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Cesarean section and the risk of neonatal respiratory distress syndrome: a meta-analysis

  • Yan Li
  • Caixia Zhang
  • Dongfeng ZhangEmail author
Review
  • 41 Downloads

Abstract

Purpose

To explore the association between cesarean section (CS) and the risk of neonatal respiratory distress syndrome (RDS).

Methods

We searched PubMed, Web of Science, and ClinicalTrials.gov database for studies related to the association between CS and the risk of neonatal RDS up to 25 August 2018. The pooled odds ratios (ORs) with 95% confidence intervals (CIs) were estimated using a random-effects model (REM).

Results

A total of 26 studies from 25 available articles were included in this meta-analysis. For the association between CS and the risk of neonatal RDS, the pooled OR was 1.76 (95% CI 1.48–2.09). The pooled OR of the risk of neonatal RDS was 2.38 (95% CI 1.89–2.99) for elective CS and 1.85 (95% CI 1.34–2.56) for emergency CS.

Conclusion

This meta-analysis suggested that CS, elective CS, and emergency CS were associated with an increased risk of neonatal RDS.

Keywords

Cesarean section Epidemiology studies Meta-analysis Neonatal respiratory distress syndrome 

Notes

Author’s contribution

YL: conceived the study, designed the study, drafted the manuscript, carried out the literature search and data extraction, interpreted the result of the analysis, and reviewed and revised the manuscript critically. CZ: carried out the literature search and data extraction, interpreted the result of the analysis, and reviewed and revised the manuscript critically. DZ: conceived the study, designed the study, drafted the manuscript, and reviewed and revised the manuscript critically. All authors approved the final manuscript as submitted and agree to be accountable for all aspects of the work.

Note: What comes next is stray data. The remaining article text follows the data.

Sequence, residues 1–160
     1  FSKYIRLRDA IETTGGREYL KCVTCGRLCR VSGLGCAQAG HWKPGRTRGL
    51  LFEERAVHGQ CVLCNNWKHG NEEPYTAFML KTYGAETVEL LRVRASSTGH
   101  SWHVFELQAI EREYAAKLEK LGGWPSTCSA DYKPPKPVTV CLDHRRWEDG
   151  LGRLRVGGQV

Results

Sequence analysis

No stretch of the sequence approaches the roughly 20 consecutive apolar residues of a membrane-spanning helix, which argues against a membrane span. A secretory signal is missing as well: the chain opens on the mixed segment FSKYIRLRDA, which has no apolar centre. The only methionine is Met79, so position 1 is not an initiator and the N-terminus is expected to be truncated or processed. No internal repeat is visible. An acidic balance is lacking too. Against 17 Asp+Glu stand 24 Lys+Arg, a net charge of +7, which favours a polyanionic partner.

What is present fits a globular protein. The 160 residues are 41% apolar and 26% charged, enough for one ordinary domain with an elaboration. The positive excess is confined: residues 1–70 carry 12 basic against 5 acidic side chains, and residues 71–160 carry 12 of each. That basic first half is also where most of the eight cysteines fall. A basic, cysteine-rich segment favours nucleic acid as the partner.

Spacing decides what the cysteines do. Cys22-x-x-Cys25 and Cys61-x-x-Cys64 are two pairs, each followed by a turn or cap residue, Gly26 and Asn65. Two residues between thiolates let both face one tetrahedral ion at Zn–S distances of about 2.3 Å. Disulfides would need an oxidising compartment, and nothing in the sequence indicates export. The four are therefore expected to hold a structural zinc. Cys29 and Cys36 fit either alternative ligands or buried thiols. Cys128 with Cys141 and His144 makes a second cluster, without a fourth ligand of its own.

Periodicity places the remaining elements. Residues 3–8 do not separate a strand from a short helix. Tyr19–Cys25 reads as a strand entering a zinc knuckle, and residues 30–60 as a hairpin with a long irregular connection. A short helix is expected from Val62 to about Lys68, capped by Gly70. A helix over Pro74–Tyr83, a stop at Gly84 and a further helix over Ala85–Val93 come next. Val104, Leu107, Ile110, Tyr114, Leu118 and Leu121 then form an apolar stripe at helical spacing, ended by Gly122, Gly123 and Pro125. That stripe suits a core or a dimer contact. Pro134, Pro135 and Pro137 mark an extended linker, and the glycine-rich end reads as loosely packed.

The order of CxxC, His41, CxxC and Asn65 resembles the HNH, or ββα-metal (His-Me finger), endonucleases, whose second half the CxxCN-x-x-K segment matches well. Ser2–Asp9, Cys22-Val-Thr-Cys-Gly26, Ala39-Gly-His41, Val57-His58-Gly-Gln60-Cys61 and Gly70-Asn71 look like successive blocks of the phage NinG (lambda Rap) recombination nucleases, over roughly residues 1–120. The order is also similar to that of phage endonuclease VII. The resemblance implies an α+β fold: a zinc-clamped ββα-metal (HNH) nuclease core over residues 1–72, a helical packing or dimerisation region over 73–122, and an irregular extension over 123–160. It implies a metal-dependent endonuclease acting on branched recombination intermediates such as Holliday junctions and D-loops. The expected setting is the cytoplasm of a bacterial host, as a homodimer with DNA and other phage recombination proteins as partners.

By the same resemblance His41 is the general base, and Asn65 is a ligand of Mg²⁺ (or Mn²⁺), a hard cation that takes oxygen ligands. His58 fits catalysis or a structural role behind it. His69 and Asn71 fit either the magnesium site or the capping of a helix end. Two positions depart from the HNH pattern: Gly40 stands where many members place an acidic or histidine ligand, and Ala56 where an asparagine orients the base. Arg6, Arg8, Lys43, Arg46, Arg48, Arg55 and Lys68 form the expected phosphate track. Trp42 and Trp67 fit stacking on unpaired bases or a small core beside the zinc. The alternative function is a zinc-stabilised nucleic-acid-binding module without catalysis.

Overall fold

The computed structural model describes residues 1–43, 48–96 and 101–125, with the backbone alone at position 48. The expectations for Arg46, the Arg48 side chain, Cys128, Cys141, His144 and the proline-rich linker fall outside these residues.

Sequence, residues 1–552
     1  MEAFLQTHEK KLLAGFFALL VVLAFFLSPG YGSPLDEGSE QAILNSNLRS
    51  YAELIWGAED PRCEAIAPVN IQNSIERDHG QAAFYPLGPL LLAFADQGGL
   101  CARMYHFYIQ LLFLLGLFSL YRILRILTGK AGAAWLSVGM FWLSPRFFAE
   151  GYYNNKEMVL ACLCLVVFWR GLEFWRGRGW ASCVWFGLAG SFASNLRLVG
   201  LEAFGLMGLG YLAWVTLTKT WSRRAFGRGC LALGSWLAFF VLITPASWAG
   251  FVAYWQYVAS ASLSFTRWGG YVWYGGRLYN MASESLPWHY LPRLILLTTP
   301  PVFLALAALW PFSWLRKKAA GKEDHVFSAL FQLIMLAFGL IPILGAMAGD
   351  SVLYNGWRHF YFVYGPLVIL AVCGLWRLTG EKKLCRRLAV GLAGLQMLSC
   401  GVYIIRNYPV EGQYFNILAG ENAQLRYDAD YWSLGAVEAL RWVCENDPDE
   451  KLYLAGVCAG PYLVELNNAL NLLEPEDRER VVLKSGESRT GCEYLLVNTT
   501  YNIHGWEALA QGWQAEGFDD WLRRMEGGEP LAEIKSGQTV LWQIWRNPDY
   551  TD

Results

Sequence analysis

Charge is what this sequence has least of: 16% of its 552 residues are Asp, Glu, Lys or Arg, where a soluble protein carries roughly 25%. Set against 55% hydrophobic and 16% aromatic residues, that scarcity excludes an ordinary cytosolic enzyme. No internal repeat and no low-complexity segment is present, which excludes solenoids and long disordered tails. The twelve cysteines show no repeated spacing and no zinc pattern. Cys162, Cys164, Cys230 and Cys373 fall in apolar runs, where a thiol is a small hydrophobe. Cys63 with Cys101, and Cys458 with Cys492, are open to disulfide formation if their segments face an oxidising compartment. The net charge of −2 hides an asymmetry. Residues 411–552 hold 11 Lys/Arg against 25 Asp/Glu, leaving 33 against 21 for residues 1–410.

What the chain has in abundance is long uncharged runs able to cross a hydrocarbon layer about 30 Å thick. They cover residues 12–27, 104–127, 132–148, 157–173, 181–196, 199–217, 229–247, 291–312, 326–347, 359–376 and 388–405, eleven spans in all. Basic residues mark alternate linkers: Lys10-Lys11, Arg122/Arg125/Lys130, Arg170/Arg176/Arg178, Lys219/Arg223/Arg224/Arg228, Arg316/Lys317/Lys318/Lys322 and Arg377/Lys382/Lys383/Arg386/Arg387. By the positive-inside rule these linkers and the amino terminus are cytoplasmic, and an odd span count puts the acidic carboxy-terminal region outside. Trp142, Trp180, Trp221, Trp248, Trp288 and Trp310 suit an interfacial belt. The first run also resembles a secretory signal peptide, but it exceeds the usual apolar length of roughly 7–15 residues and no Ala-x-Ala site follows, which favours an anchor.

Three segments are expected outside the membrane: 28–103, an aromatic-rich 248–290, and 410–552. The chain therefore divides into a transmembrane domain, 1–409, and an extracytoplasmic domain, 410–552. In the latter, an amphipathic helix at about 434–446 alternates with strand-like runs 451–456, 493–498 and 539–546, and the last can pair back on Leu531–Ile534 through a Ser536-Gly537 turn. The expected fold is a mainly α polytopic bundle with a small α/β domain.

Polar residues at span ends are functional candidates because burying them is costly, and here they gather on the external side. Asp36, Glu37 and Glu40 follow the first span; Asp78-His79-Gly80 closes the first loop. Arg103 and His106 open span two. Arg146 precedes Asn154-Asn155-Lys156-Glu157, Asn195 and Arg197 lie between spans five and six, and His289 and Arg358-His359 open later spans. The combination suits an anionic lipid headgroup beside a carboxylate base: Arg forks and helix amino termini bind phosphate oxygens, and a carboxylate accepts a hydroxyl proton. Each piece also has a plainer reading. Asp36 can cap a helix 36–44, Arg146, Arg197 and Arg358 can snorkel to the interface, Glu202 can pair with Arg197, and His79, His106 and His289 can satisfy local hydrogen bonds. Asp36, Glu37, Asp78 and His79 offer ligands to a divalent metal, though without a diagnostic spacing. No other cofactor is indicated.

Funding

This research received no specific grant from any funding agency in the public, commercial or not-for-profit sectors.

Compliance with ethical standards

Conflict of interest

The authors declare that they have no conflict of interest.

Ethical approval

This article does not contain any studies with human participants or animals performed by any of the authors.

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Copyright information

© Springer-Verlag GmbH Germany, part of Springer Nature 2019

Authors and Affiliations

  1. 1.Department of Epidemiology and Health StatisticsThe College of Public Health of Qingdao UniversityQingdaoPeople’s Republic of China

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